The days of trundling around the city as a Muslim without being able to find anything Japanese and halal to eat are slowly coming to a tasty end. Owned and staffed by muslims, Ramen Ouka’s menu is very simple, and all the better for it: halal ramen, ‘halal spicy ramen’ and vegan ramen, all available in sizes from small to extra large, and a few extra toppings. At ¥1,200 for a regular-size ramen, which might not fill you up completely if you’re hungry, it’s not the cheapest place in town, but this is offset by the complimentary bowl of rice (to make ochazuke) and specialist tea at the end.
We opted for one spicy and one normal version: both came with a topping of roast chicken, some baby corn and an egg (note that the ‘roast chicken’ option on the vending machine is simply an extra round of toppings, not a side dish). The spicy version definitely had a bit of zing to it (although you might want to ask for extra chillies if you truly like it hot), whereas the normal version was more citrussy by virtue of the yuzu-based ‘meringue’ on top; the combination of the sea bream-based broth and relatively thin noodles meant that both versions were decidedly light and refreshing, and would not even feel out of place on a hot summer day.
The Muslim owners have definitely fretted over getting the tiny details right: even the oshibori (wet towels) presented to you at the start are free of alcohol-based hand sanitiser, and the ramen bowls are specially shaped so as to make pouring your remaining broth over the rice easier. They’ve also made sure there’s place for wheelchair users – enough to make this joint quite popular with the mix of both visitors and locals we saw on our visit.
Do note that prices have changed since they opened, which is especially relevant if you’re planning to go for dinner. They now have a dinner menu, with prices starting at a rather eye-watering ¥1,800, excluding tax. At least you’re getting a lot for that: an appetiser, a side and a complimentary drink alongside your main ramen dish. Just treat it as a full-course meal rather than a bowl of ramen. If you’re really looking to splurge, they even do halal wagyu ramen. Price? Around ¥6,000.
They do get quite busy, especially in the evenings and at weekends, so if you go at regular dining times, prepare for an hour-long queue. But if you’re looking for a proper ramen experience that also happens to be halal, definitely stay in line.
This small yakiniku joint is tucked away in an alley just off Meiji-dori, a ten-minute walk or so from Shibuya Station. What sets it apart – besides having rather scrumptious cuts of cow for you to grill – is that they offer halal courses, with the menu having been certified by the Malaysia Halal Corporation. Prix fixe meals come in three price tiers (¥3,000, ¥3,500, ¥4,000), with all featuring multiple cuts of meat, a side salad, rice and a drink. The ¥4,000 set is probably the best option, as it features three types of their signature beef cuts, but if you insist on having chicken, the cheaper options are just fine too. If you’re a large eater, you might want to order an extra round (check with staff for options), but the portions are just about right if you pace yourself. Out of all the halal restaurants currently found in Tokyo, we’d argue this is the most ‘authentically Japanese’ experience – smoky, intimate and slightly rowdy at times, just like all the best yakiniku places are. It’s popular with locals and tourists alike, so be sure to reserve in advance (by phone) if you want to be guaranteed a seat.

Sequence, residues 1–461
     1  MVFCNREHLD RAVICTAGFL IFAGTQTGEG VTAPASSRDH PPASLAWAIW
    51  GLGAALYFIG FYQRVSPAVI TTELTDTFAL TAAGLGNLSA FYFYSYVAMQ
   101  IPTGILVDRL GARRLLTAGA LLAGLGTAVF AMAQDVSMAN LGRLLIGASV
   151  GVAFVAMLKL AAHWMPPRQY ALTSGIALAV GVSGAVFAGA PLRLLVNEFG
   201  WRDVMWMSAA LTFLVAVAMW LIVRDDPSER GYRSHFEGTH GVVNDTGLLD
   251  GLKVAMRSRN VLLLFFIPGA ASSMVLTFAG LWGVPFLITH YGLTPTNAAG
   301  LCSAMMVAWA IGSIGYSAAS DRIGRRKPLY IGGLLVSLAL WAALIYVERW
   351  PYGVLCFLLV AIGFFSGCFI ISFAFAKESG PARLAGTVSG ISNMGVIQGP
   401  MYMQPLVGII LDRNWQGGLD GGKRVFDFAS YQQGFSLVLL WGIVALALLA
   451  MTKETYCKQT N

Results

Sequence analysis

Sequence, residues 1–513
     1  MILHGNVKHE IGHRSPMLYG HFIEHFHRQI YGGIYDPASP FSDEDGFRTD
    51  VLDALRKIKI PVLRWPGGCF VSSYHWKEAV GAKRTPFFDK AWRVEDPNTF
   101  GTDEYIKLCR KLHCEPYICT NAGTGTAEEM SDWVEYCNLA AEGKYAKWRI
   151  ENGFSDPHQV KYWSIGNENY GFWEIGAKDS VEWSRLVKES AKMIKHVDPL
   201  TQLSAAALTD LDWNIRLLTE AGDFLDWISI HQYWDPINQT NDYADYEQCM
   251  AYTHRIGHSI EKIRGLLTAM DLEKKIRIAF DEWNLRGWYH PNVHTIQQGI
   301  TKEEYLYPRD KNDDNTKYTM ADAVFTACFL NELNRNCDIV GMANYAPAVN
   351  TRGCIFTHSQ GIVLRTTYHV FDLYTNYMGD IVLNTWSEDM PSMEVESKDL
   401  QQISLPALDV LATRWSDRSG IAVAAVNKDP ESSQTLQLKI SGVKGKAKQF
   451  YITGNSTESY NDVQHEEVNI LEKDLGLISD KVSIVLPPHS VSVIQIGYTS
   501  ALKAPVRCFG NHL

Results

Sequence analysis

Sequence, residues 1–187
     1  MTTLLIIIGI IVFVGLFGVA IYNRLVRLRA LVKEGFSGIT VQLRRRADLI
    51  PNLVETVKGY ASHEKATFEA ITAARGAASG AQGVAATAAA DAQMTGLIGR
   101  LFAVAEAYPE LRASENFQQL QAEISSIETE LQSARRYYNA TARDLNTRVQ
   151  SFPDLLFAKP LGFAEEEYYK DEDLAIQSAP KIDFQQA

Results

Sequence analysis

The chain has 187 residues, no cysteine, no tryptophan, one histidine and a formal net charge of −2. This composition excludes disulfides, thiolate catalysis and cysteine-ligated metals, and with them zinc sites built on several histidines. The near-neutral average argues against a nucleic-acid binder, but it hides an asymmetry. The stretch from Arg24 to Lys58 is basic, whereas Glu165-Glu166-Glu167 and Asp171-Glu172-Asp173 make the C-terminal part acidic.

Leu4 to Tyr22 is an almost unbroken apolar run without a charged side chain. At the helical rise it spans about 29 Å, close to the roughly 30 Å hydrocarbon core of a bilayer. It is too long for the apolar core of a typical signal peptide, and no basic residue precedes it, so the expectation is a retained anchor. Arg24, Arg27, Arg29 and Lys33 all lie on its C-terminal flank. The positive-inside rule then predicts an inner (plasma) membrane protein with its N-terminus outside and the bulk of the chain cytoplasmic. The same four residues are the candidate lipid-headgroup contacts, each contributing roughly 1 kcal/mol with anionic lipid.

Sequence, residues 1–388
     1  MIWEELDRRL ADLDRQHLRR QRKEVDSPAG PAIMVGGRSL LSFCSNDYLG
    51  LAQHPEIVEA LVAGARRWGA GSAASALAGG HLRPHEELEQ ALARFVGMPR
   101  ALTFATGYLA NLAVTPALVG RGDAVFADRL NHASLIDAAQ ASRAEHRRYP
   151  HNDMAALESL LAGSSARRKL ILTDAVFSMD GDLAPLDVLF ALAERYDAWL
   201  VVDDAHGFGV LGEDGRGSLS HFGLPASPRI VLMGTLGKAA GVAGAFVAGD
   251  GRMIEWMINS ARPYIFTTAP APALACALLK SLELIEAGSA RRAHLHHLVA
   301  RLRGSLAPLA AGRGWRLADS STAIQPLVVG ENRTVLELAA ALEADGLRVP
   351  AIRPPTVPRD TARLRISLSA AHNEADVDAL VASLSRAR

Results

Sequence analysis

This teishoku-ya inside Shinjuku Station is the sister shop of the namesake, halal-certified Yoshiya in Kyoto, and offers an extensive range of Kyoto-style set meals, as well as three different halal teishoku. We didn’t find the latter to be exceptionally noteworthy, but they do serve their purpose as a halal-certified introduction to the world of teishoku. Far more interesting is the selection of croquettes, both their mahou korokke (magic croquette) and the tofu croquette. Both are soft yet packed with flavour, and most surprisingly, the magic croquette contains no meat at all – it was inspired by Kyoto-style veggie fare, which uses no meat or alcohol in the preparation process (counter-intuitively, the tofu version isn’t vegetarian and contains chicken). They can be had either with the ‘obento-style gozen’ teishoku, or ordered as separate side dishes. English-speaking staff are on hand to answer any questions, and no pork is used anywhere in the restaurant.
10. Asakusa Sushiken
When we found this sushi restaurant, our tasting team was initially somewhat surprised to see it stamped with a halal certification: the reaction by one of our own was basically ‘Why are we going to a sushi place? I can go there anytime, it’s fine!.’ However, if you’re very strict in your beliefs regarding vinegar use, then this is the place for you. Certified vinegar is used in the sushi rice, while mirin, often used for sushi such as unagi or to flavour the rice, is outlawed. The sushi is good enough flavour-wise, but if you ascribe to the view that ‘(uncertified) vinegar will kill you before it makes you drunk, therefore it’s permissible’, then you’ll be able to expand your taste sensations (and have tastier rice) by checking out our top sushi restaurant picks.
Note that the opening hours are somewhat flexible – our visit saw the shop stay open until 4pm at lunchtime.